From Alice Guy-Blaché to Ava Duvernay, women have been integral to cinema for the last 120 years. Broad Cinema is a new column that will feature women who worked on films that are playing this month at the Alamo Drafthouse. From movie stars to directors, from cinematographers to key grips, Broad Cinema will shine a spotlight on women in every level of motion picture production throughout history.
For June we are celebrating casting director Michelle Guish. Live near an Alamo Drafthouse? Get tickets to this month's The English Patient Afternoon Tea here!
Let’s pretend that every part of the 10,000-piece jigsaw puzzle that is filmmaking receives relatively equal attention. Imagine that we live in a world where a Friday night jaunt could reasonably include a casual conversation about our favorite sound technician, visual effects supervisor, or costume designer. In this alternate reality, Michelle Guish needs no introduction. She collects as much adoration and acclaim as Kate Winslet or Benedict Cumberbatch. She is one of many faces that craft the A-list collage. She is one of our favorite—drumroll, please—casting directors.
Alas, we wake up only to find that the opposite is true. Despite internal industry reverence, the Academy of Motion Picture Arts and Sciences, a.k.a the Oscars, hasn’t been too kind to casting directors. They received their treasured seat on the Board of Governors only four years ago after the Academy announced the creation of the Casting Directors Branch. The branch has yet to convince the board that they are worthy of their own Oscar category, but…baby steps. Last year at the Governor’s Awards, the branch took a leap when the Academy recognized 88-year-old casting director Lynn Stalmaster for his lifetime contribution by handing over an honorary award. However, regardless of official recognition, the job of a casting director is imperative to an Oscar-adorned film, and UK-born Michelle Guish is living proof.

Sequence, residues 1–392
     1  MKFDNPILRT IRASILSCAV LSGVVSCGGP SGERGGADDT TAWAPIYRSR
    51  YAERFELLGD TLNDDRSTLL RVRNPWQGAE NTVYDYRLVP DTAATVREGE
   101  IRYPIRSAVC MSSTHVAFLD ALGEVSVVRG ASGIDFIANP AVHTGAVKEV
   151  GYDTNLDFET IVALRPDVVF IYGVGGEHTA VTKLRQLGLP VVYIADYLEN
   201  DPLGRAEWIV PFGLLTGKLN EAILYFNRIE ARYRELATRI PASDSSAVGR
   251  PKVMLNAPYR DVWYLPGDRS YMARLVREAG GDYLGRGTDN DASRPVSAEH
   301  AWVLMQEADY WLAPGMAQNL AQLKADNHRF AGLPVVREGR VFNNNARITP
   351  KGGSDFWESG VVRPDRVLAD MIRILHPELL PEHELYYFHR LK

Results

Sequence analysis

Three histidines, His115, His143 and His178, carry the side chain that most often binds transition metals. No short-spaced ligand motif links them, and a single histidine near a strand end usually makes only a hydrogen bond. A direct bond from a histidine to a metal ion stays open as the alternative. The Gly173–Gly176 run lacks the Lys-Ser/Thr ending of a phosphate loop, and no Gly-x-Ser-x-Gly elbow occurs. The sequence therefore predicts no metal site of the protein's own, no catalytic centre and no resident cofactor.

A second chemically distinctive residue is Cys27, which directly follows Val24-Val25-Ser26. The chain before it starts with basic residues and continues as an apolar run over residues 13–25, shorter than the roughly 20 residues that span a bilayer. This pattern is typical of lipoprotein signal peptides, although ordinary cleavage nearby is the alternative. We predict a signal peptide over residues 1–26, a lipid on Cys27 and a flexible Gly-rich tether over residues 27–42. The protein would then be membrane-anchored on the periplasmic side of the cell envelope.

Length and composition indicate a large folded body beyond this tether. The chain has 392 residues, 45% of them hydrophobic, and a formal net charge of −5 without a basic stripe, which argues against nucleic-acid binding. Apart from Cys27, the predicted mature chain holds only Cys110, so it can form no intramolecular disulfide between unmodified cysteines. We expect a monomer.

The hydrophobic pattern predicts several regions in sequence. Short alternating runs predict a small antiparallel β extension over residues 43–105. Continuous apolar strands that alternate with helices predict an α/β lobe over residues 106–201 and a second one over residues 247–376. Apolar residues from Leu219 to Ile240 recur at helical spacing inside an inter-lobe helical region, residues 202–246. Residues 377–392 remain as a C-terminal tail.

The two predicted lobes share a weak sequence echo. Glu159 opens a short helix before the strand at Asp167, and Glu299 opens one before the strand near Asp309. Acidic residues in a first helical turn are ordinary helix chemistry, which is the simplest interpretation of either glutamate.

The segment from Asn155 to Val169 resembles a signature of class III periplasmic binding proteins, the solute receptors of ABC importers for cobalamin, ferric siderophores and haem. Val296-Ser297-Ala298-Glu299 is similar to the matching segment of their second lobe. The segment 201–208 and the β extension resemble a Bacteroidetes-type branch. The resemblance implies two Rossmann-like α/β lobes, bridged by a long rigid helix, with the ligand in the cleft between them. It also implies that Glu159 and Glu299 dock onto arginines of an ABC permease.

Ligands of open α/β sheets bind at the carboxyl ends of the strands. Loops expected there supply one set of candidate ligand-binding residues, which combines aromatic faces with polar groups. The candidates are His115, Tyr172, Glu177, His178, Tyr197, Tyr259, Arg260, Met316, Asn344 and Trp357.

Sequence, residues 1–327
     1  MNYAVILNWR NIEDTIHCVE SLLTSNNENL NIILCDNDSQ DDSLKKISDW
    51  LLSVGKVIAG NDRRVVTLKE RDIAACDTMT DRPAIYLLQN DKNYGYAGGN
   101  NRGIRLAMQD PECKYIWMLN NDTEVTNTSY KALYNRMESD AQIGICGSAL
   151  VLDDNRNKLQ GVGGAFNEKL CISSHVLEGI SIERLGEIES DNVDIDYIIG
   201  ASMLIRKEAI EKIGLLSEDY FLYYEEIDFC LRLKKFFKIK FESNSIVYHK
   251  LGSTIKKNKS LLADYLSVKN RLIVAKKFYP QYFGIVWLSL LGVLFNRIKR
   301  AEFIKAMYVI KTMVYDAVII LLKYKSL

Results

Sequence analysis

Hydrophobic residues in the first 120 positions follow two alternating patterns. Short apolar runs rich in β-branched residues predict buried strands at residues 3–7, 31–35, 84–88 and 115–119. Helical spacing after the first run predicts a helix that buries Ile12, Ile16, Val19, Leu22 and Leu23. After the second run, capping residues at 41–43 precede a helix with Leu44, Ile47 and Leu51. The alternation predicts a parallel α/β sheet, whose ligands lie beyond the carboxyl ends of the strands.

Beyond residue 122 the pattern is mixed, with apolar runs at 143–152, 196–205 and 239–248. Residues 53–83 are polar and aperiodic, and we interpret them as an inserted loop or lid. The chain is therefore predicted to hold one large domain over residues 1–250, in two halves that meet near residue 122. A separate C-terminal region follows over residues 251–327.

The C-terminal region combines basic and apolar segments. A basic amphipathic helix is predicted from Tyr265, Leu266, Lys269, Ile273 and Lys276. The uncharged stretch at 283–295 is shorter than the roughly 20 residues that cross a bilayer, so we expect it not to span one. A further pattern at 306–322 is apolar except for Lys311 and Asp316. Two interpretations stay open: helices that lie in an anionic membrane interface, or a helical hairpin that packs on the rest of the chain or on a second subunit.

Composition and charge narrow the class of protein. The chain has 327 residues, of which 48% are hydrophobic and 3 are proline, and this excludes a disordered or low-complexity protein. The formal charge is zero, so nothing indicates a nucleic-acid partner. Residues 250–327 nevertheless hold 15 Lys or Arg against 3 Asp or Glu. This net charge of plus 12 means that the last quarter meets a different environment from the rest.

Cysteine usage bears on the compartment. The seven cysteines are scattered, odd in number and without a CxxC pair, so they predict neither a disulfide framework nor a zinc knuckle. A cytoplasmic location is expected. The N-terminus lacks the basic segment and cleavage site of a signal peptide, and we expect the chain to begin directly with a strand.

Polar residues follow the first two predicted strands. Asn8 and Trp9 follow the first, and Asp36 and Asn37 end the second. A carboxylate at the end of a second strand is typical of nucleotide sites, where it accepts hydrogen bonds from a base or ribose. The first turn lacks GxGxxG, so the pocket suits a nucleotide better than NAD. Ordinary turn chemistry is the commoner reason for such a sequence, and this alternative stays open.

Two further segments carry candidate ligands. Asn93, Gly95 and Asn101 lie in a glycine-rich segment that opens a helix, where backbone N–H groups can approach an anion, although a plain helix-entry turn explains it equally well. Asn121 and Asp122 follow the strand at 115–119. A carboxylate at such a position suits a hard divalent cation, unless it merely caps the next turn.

She got her start with Terry Gilliam and Monty Python in 1983 casting The Meaning of Life. Of course, the Monty Python team was already guaranteed leading roles, but that didn’t necessarily make Guish’s job easy. Instead of trying to mold a cast out of the vision of one director, she had to surround a pre-existing cast based on the vision of an entire comedy group. Between 1983 and 1995 Guish founded Kenneth Branagh and Colin Firth by riskily casting them in their first lead roles in Pat O’Connor’s A Month in the Country (1987). She formed a relationship with director Anthony Minghella by boldly and triumphantly casting the late Alan Rickman—known to the public at the time as the cruel Hans Gruber—in Minghella’s first feature film Truly Madly Deeply (1990). She cast her first Academy-recognized films in Tom & Viv (1994) and Four Weddings and a Funeral (1994), the former yielding two acting nominations and the latter claiming the first of Guish’s four Best Picture nominations. In 1995, she introduced the world to Johnny Lee Miller and Angelina Jolie via Hackers and shaped a magnificent ensemble in Ang Lee’s sensational Sense & Sensibility. The film was nominated for seven Oscars, two for Emma Thompson and Kate Winslet’s performances, and the other for Best Picture, the Academy’s highest recognition. Then the fireworks began.